I am the owner of a law firm in Mesa, Arizona. I started the firm twenty-five years ago. Our focus is exclusively on estate planning and we serve clients throughout the Phoenix metropolitan area. There are three other associate attorneys working in the firm as well as staff. One of the associates has been with the firm for ten years and the other two are right out of law school – one was hired this year and the other one year ago. I am sixty-three years old and I would like to retire and exit the practice within the next three years – the sooner the better as I have other interests that I would like to pursue.
For several years it has been my goal to transition my practice to my senior associate and he and I have discussed this vaguely over the years – just the idea in general – no specifics. Recently, I made a proposal to him where he would gradually buy my shares over the next three years and have all my shares paid for by the time of my retirement which would be three years from now. To my surprise he refused. Where do I go from here?
Getting a “no” is not unusual. We are experiencing this quite frequently in our succession planning projects. Often this results in the firm exploring external succession strategies and having to merge with another firm or selling the practice. First of there is not the hunger for “equity” that there was thirty years ago. This is due in part to the fact that in many firms – large and small – there is now a non-equity partner status with the recognition of partner status, additional compensation and perks, and none of the risks of equity partnership. In addition, work life balance is important to many attorneys and many are unwilling to give up work life balance in exchange for the stress of equity partnership. Finally, many candidate associate attorneys either don’t have the capital/financial resources often required to obtain equity or don’t see the payback or return on their investment should they buy-in.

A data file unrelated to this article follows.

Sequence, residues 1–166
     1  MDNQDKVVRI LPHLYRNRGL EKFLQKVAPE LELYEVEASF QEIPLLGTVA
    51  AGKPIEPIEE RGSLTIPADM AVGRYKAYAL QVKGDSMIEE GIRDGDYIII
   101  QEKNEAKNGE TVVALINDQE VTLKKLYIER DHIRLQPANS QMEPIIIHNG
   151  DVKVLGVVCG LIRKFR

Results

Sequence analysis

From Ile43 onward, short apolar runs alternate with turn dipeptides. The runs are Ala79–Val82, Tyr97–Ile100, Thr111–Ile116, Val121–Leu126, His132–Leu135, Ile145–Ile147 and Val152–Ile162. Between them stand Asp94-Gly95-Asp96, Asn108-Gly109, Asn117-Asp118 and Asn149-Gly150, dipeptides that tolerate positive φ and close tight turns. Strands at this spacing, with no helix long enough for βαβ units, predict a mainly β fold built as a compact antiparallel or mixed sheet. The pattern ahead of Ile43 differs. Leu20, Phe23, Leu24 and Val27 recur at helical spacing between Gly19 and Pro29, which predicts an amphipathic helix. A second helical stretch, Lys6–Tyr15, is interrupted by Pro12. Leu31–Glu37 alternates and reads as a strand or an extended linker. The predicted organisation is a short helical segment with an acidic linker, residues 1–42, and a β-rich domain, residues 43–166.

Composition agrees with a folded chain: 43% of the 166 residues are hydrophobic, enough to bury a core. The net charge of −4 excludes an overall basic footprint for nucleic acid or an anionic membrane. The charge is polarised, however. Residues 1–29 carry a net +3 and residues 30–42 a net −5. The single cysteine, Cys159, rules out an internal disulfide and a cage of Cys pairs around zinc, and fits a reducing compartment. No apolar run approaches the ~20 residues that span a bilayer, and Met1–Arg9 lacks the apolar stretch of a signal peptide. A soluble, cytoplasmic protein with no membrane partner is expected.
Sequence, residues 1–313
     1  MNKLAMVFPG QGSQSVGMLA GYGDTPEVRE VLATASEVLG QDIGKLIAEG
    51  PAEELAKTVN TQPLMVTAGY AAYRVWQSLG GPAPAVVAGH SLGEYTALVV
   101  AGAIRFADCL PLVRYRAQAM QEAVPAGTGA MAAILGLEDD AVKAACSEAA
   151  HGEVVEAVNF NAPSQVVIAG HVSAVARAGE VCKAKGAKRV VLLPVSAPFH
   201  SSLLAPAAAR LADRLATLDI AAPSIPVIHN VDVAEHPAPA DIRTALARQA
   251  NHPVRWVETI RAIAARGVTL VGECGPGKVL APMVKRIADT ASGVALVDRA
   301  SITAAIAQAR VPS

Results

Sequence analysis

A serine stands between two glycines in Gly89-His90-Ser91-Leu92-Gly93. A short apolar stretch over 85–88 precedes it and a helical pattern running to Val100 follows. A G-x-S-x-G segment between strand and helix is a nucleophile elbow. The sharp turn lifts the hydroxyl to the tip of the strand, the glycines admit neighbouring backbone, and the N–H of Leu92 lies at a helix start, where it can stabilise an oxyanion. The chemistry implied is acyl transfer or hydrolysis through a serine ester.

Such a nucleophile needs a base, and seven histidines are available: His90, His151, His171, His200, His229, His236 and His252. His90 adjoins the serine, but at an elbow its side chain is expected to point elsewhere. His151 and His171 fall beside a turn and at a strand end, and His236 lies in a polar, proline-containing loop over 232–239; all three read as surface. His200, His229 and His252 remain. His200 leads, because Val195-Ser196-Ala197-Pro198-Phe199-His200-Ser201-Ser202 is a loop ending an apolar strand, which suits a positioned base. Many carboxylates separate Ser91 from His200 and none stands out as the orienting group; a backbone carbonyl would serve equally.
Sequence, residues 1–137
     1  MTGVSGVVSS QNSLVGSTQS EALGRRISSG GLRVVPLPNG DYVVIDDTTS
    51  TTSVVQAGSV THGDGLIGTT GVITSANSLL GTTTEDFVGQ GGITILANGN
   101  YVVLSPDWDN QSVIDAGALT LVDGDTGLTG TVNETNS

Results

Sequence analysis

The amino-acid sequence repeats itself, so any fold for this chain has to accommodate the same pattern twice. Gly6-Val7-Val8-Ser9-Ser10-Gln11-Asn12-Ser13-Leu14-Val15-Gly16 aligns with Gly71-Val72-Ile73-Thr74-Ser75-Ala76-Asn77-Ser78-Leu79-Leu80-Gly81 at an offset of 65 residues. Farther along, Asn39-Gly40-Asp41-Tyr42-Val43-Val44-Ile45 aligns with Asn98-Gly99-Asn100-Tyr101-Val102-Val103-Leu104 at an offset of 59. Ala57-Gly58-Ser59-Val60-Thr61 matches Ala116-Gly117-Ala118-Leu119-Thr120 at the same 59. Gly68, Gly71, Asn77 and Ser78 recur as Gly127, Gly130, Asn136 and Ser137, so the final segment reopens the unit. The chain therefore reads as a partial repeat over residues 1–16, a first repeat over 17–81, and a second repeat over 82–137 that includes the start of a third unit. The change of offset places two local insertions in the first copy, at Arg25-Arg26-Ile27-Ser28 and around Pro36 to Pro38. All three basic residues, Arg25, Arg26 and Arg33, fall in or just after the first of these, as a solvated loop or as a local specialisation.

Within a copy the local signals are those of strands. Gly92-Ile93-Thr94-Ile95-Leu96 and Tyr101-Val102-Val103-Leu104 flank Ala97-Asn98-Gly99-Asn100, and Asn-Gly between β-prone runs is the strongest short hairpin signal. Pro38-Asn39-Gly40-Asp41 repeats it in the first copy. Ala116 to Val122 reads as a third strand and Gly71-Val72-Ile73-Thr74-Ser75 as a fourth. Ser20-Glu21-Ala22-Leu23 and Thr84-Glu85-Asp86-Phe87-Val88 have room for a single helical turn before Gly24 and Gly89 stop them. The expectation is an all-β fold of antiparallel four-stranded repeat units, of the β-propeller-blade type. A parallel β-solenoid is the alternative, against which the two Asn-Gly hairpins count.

Here are a few thoughts concerning your situation:
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John W. Olmstead, MBA, Ph.D, CMC
Posted at 05:34 PM in Succession/Exit Strategies
Tags: Associate, Attorney, Candidate, Firm, Law, No, Proposal, Says, Strategy, Succession, to, When, Your